Immigration Law

Homeless Shelters in Massachusetts Raise Concerns as Lawmakers Aim to Limit Family Stay

Homeless Shelters in Massachusetts Raise Concerns as Lawmakers Aim to Limit Family Stay

Homeless shelter providers in Massachusetts are raising concerns as lawmakers are aiming to move legislation that will limit stays to nine months for the first time in 40-year history of its “right to shelter” law.  

This state is the only state in the US to provide families and pregnant women the right to shelter, which existed since 1983. But the system has come under a historic strain due to increased influx of migrant families and a growing number of families being displaced due to unaffordable housing market.  

According to the Massachusetts Coalition for the Homeless, a little over half of the current 7,500 families in the state’s emergency shelter system have been those who have come over as refugees or migrants.  

The Massachusetts House of Representatives has passed a new spending bill in March stating an average of billion-dollar plan for addressing the shelter crisis. Moreover, the Senate has passed a new version, mandating leaders from the chambers to enter negotiations for working out their differences. Both the bills would impose a nine-month limit on emergency shelters stays. However, the sticking points tend to include what kind of extensions could be given to families and how the proposals would be funded.  

Moreover, shelter directors hope that the legislation shall be including meaningful extensions past the initial nine months for struggling families. This is because, the average length of stays for families in the system is nearly twice as long. This is about sixteen months long in accordance with Executive Office of Housing and Liveable Communities.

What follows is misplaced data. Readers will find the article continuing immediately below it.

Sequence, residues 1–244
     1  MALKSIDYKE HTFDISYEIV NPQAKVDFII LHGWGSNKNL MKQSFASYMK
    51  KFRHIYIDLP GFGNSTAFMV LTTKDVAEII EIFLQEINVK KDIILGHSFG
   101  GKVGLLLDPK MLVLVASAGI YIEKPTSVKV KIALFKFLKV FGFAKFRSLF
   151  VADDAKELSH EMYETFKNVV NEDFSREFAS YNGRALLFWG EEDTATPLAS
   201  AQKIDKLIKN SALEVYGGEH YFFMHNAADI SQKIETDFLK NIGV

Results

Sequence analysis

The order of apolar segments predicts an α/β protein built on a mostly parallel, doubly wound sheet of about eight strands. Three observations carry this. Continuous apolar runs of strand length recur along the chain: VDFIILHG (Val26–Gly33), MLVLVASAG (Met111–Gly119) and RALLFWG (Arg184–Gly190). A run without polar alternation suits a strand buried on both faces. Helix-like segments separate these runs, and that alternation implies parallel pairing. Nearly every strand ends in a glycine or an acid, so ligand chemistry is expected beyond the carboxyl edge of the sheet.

This is a cap on the number of people who can live in the shelter, following the accelerated filling over the proof in the usage of it. Executive Office for Housing and Liveable Communities indicated in its report that for the month of March 2022, there are nearly 3,000 families being served by the statewide shelter system.  

By the end of just the first year into this scheme, the system sheltered almost 4,000 families. The month of April will be significant for the shelters as they had about 7,500 families under their board feet, with over 3,500 being in the system’s traditional units and the rest in hotels.  

Presently, there are 736 other families on a list either waiting in lines or sleeping on the street for emergency shelter. Leaders of the shelter report that the arrival of the migrant family and the afflicted system has created more injurious condition. 

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Nilanjana Basu
Nilanjana is a lawyer with a flair for writing. She has a certification in American Laws from Penn Law (Pennsylvania University). Along with this, she has been known to write legal articles that allow the audience to know about American laws and regulations at ease.

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